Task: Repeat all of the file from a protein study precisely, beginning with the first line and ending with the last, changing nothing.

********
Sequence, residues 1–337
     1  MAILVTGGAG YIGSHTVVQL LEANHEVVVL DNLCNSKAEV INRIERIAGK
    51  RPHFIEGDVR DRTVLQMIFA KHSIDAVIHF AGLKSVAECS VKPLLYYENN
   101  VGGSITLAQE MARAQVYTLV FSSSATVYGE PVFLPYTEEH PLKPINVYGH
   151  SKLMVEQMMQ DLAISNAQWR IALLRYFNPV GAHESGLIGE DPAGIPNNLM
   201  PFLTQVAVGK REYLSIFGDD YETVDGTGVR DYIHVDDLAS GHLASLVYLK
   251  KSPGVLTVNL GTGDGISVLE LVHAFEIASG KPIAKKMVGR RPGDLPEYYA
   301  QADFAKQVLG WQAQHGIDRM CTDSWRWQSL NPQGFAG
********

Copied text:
Sequence, residues 1–337
     1  MAILVTGGAG YIGSHTVVQL LEANHEVVVL DNLCNSKAEV INRIERIAGK
    51  RPHFIEGDVR DRTVLQMIFA KHSIDAVIHF AGLKSVAECS VKPLLYYENN
   101  VGGSITLAQE MARAQVYTLV FSSSATVYGE PVFLPYTEEH PLKPINVYGH
   151  SKLMVEQMMQ DLAISNAQWR IALLRYFNPV GAHESGLIGE DPAGIPNNLM
   201  PFLTQVAVGK REYLSIFGDD YETVDGTGVR DYIHVDDLAS GHLASLVYLK
   251  KSPGVLTVNL GTGDGISVLE LVHAFEIASG KPIAKKMVGR RPGDLPEYYA
   301  QADFAKQVLG WQAQHGIDRM CTDSWRWQSL NPQGFAG